A psychopath has returned, ready to strike again. Someone who can't resist the urge to kill, who derives pleasure from others' pain, and who is drawing nearer to Susan as each minute of the weekend ticks by. But she's just one pawn at the heart of a killer's deadly game — a killer who is unrelenting, unstoppable, and absolutely vicious.

Review: Although it’s being marketed as a thriller, Kevin O’Brien’s latest Seattle-set chiller would be more appropriately classified as a horror novel. It’s in the same true-life vein as, say, a horror novel by Jack Ketchum or a movie like Last House on the Left or The Strangers. It’s the scariest kind of horror, because it could really happen.

I say the above because Vicious is a book that defies convention as a thriller in the same vein as Harlan Coben or Lynwood Barclay. Vicious, unlike most books in the thriller genre, is all about the villain (or villains) and the victims. O’Brien spends very little time on police procedure or even amateur investigators getting to the bottom of crime. Most books classified as thrillers make the detection of the principle crime the heart of the work. Vicious brings us brilliantly into the mind of a very sick and twisted killer – dubbed by the press as the “Mama’s boy Killer” because he kills only the mothers of young children – and his victims.

O’Brien is a master at ratcheting up the suspense and doing the thing that all suspense writers long to do: keep us compulsively turning the pages in an almost frantic quest to find out what happens next. Part of the reason for the escalating tension and mounting suspense is not only the author’s careful plotting and timing, but his facility for creating a truly sympathetic cast of characters. He makes his good characters so real and believable that we become not only observers, but protectors, watching over their every move and trying with force of telepathy to warn them about the peril they are placing themselves in. That’s masterful suspense.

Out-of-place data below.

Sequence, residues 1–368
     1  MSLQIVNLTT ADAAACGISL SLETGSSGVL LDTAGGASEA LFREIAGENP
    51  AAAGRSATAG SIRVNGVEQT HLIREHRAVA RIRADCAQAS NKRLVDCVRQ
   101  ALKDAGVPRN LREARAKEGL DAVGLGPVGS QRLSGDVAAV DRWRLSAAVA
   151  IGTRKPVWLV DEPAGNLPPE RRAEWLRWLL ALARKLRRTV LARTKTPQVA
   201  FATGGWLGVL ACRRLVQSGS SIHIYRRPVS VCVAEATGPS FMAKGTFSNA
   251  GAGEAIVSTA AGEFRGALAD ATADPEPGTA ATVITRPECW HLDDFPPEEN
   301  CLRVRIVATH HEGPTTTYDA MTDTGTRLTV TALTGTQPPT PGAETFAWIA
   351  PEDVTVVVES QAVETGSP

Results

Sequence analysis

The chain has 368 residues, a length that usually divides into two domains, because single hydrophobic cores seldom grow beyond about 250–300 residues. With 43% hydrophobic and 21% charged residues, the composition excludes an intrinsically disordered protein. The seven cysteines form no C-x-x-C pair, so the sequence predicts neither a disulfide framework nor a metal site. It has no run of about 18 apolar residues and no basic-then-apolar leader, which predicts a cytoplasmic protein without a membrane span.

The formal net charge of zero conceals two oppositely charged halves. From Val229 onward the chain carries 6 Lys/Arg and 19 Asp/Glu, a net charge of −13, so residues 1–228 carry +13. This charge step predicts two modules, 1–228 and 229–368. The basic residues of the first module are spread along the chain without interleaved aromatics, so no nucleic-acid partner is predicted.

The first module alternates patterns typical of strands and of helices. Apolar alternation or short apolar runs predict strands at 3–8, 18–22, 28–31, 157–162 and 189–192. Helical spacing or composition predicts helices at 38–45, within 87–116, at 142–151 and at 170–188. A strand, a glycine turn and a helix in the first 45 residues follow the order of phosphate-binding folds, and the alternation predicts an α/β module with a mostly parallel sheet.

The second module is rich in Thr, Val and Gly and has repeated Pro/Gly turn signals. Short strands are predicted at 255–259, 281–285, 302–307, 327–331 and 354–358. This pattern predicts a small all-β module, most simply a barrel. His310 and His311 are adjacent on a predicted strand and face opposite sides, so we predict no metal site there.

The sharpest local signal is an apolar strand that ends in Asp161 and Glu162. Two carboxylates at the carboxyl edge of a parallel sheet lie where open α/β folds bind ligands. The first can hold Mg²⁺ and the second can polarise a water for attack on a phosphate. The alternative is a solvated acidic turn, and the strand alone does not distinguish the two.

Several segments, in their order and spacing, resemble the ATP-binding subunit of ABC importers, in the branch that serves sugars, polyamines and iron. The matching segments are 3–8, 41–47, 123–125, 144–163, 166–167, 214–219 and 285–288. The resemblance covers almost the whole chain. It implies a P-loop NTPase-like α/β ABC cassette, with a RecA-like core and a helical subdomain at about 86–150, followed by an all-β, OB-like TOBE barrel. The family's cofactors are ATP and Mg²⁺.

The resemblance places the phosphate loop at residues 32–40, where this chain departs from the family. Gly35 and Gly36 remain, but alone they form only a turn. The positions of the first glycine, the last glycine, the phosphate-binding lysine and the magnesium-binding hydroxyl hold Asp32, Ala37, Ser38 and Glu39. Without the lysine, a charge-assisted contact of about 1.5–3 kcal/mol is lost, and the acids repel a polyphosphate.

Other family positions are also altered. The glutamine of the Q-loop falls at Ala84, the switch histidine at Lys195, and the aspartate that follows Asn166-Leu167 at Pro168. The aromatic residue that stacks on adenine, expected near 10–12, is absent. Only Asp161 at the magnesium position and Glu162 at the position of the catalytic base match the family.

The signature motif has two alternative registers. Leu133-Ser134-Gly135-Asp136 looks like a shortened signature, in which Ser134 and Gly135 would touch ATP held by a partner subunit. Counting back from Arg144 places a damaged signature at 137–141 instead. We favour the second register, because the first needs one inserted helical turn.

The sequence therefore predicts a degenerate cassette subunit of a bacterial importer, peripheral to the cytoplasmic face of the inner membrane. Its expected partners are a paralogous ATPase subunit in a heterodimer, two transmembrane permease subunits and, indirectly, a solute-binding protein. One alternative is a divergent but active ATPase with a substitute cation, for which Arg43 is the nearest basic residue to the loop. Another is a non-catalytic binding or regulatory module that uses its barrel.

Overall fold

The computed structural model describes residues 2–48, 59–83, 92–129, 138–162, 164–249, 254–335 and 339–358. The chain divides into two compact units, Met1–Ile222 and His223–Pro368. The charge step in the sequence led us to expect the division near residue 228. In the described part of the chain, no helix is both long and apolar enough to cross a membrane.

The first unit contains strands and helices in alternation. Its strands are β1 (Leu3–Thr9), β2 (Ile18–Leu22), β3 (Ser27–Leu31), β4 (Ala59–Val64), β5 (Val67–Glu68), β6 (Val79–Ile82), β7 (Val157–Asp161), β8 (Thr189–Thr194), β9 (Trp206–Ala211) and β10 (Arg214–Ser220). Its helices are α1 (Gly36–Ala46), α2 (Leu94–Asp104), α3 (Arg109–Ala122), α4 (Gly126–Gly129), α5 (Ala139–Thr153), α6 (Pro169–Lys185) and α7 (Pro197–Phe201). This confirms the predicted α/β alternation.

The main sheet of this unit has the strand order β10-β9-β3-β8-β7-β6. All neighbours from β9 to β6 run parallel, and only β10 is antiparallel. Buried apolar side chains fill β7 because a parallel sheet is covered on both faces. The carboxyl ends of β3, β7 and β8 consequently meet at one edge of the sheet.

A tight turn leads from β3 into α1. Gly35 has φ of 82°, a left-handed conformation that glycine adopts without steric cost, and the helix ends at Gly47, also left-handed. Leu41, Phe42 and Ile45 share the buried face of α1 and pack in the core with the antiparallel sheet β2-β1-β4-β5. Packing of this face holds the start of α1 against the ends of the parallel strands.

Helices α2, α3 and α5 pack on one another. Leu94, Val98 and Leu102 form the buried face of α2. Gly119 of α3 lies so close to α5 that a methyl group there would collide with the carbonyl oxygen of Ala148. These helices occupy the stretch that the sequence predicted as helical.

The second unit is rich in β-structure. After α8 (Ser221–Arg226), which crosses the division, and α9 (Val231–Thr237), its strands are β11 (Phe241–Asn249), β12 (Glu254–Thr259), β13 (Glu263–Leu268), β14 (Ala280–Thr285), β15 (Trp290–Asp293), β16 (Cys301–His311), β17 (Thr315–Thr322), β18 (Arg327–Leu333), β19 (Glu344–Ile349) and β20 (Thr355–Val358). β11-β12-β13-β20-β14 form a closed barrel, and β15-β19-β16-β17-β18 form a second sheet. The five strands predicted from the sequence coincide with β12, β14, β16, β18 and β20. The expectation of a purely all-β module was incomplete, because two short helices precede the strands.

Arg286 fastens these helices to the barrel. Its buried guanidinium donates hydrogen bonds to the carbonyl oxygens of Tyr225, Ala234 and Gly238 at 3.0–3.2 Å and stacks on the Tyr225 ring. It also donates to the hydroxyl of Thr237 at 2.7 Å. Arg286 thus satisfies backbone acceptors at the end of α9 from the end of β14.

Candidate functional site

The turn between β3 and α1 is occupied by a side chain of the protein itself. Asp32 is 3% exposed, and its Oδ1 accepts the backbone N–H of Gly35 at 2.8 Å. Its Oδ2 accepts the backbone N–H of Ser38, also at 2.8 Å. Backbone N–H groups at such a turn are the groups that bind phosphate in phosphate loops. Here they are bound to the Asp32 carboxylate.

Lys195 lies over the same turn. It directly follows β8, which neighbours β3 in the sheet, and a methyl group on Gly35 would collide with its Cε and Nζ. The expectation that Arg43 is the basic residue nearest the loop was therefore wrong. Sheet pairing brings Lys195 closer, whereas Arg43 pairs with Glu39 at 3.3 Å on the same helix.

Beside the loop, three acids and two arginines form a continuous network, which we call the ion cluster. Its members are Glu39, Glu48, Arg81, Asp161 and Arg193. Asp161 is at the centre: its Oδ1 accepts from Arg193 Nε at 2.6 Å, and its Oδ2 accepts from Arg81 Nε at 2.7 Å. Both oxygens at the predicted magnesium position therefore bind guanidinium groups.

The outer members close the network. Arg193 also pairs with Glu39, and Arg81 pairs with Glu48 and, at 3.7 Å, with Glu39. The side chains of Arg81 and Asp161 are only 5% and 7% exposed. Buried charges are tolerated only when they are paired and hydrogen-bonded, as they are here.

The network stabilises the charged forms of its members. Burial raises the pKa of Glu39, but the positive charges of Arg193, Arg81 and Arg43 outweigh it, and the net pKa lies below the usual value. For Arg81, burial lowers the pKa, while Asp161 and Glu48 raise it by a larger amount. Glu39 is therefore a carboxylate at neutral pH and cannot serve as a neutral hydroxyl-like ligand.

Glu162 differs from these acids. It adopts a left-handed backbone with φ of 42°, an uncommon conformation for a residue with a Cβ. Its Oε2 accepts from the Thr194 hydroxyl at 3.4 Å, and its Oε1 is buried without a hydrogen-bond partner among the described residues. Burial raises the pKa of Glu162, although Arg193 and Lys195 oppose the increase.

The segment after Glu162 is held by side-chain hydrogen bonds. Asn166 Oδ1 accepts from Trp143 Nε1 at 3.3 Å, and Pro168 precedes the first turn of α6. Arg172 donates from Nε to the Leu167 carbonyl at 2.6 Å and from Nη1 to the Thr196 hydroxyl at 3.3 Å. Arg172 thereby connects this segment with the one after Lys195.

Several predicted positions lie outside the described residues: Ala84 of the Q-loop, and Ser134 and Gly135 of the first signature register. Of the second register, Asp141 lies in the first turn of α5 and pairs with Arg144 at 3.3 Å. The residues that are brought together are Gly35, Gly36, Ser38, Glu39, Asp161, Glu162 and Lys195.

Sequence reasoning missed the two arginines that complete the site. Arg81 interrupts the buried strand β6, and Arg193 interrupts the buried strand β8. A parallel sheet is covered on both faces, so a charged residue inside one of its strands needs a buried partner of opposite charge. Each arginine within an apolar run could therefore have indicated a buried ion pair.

Even with O’Brien’s less savory – and yes, evil – characters, there is a strong element of if not sympathy, then fascination. O’Brien brings us close enough to the fiery heart of evil to get scorched. He capably and credibly shows us the malice lurking in the twisted mind of a killer. And best of all, he allows us to understand the twisted and tortured logic of one who kills.

He sets all this down in territory I’m very familiar with — Seattle and the more untamed parts of the Pacific Northwest that border the “rain city.” I would say that even if you have never been to this part of the country, O’Brien makes it very real and palpable. The woods, the darkness, the snap and chill of the air, and the often gloomy landscape provide a very compelling and evocative backdrop for the author’s tale. The real-life locations, such as Seattle’s beautiful Volunteer Park, make the horror that much more believable and real.

This is the first of this author’s work that I’ve encountered. I have already followed that up with his also excellent Final Breath, and I am so impressed with his ability to tell a dread-inducing tale (however you want to classify it) that I am certain I will complete his entire oeuvre by year’s end.

Purchase Vicious by Kevin O’ Brien.

Columnist Rick R. Reed is the author of thirteen novels, three collections, and has short fiction in more than twenty anthologies. He lives in Seattle, WA. Find out more about the author at his official website.

Posted on Tuesday, July 27, 2010 at 08:37AM by Registered CommenterDark Scribe Magazine in | Comments71 Comments | References26 References

Out of the Darkness / Lesli Richardson

Lyrical Press/January 2009
Reviewed by: Rick R. Reed

Synopsis: Ancient evil forces a woman to fight for her life - and true love.

Man may forget horrors, but the land remembers. Built on a cursed patch of ground, George Simpson's house of evil has ruined many lives over its hundred-year existence.

Author Steve Corey rents the place as an early anniversary surprise for his wife, hoping it might repair the deep rift his alcoholism has created in their marriage.